In Finland, Coca-Cola called off the Zero marketing campaign on Internet due to its sexist implications. The campaign was deemed to objectify women as sex objects and hence endorse discriminating attitudes to women.
In January 2007, the campaign started in Argentina, with the taglines "Coca-Cola Zero, el sabor que nadie esperaba" (Coca-Cola Zero, the flavour nobody was hoping for) and "El mismo sabor de siempre, zero azúcar" (The same taste as always, zero sugar).
On January 15, 2007, television commercials for Zero appeared in Denmark and the product can be found in local stores. Coke Zero launched in Ireland on February 8, 2007, with Girls Aloud singer Sarah Harding as the face of the brand, much like her bandmate Cheryl Cole was in the UK.
With its current targeting of young males Coke Zero seems destined to compete head on with Pepsi Max. In the UK some Coke Zero advertising alluded to Pepsi Max, leading to a robust counter-campaign by Pepsi directly extolling the virtues of the concept of "maximum" over that of "zero."
U.S. Coke Zero bottle with black background,
next to older white one March 2007
Coke Zero's US ads make use of a superimposed computer image on the Coke Zero can. In earlier versions of these commercials, the can's design was different and its colors were inverted.
The Coca-Cola Zero logo has generally featured the script Coca-Cola logo in red with white trim on a black background, with the word "zero" underneath in a lower case geometric typeface looking a lot like Twentieth Century. Some details have varied from country to country. The British logo, for example, has the "o" taking a spiral form. In the U.S., the letters decline in weight over the course of the word.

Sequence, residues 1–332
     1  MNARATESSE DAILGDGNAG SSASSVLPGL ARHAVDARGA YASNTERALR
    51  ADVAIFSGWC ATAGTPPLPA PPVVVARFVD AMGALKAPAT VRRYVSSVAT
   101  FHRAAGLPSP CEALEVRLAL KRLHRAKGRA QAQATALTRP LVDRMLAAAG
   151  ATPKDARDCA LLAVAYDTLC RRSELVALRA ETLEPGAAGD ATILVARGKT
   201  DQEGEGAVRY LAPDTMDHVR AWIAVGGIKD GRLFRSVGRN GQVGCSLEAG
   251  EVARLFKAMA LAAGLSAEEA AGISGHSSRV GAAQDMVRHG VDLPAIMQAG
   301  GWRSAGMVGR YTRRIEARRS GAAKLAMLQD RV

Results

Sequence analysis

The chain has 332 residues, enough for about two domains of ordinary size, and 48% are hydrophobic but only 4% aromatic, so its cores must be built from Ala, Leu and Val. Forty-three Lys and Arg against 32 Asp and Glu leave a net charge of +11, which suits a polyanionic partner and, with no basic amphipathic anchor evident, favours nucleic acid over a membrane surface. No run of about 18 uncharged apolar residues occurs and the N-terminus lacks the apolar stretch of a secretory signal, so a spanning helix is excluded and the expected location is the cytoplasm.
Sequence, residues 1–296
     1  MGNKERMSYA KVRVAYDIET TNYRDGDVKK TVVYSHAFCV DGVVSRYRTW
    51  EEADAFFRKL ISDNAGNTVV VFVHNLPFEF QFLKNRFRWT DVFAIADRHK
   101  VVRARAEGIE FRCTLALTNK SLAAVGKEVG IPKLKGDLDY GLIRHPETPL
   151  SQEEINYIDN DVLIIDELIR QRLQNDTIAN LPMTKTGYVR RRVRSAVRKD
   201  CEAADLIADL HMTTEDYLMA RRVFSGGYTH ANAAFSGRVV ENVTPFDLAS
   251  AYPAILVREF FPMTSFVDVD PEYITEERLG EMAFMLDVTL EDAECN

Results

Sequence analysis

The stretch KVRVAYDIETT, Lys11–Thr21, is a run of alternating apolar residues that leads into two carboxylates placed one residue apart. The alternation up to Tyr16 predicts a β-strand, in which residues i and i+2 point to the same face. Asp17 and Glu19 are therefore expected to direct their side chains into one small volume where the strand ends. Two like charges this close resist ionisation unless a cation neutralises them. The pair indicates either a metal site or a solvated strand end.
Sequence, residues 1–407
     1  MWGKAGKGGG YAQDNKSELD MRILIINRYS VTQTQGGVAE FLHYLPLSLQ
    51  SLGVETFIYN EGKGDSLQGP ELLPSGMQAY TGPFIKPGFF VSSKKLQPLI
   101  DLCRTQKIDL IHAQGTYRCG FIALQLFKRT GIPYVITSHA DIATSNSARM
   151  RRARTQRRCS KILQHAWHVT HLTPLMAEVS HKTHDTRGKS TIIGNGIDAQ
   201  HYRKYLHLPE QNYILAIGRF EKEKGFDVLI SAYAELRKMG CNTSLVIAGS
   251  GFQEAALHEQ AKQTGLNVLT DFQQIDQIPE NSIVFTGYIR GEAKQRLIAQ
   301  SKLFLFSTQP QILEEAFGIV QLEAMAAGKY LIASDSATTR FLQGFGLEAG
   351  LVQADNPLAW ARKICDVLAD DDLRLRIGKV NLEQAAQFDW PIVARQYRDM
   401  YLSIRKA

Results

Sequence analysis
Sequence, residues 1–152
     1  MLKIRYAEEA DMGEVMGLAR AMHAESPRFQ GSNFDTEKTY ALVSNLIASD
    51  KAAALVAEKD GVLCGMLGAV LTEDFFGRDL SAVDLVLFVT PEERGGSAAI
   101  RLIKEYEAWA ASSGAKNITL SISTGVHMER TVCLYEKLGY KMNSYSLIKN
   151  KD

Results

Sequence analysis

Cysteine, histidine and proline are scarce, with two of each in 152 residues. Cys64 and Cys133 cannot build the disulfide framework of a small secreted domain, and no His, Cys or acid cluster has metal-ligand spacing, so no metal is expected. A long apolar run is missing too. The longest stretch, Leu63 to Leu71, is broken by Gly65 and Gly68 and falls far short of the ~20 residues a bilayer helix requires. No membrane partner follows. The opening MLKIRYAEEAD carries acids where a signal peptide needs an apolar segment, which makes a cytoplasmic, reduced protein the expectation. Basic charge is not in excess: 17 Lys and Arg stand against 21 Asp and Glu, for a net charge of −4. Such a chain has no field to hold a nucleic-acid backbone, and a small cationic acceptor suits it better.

The U.S. and Canada also appear to be the only countries in which the logo originally had a white background, with a black "zero". This was the face of the drink from its inception until late 2006, when a holiday theme triggered the switch. The black color was kept on 2-liter bottles into 2007, and was introduced on cans as the new year began. This further diminished the confusion there was between Diet Coke and Coke Zero having a similar white logo with black letters. Twenty-ounce (591 ml) bottles remained white for some time afterwards, but black labels began to be phased in in late February shortly after the launch of Cherry Coke Zero.
The advertising agency VCCP handle the Coca-cola account and all its ATL activity within the UK.
Dispute over the Zero name
In Norway the Brewery Ringnes claims that Bryggeriforeningen owns the right to Zero name. The Zero name was used on a non alcoholic beverage from 1972 to 1996.
US Vanilla Coke Zero label
Coca-Cola Cherry Zero is a cherry-flavored variation of Coca-Cola Zero. In late January of 2007, it was introduced to store shelves and was widely available throughout the United States even before its official début. The official début of Coca-Cola Cherry Zero occurred on February 7, 2007, at New York City's Fashion Week.
Coca-Cola introduced a vanilla-flavored version, Coca-Cola Vanilla Zero, concurrently with the relaunch of the original Coca-Cola Vanilla in May 2007.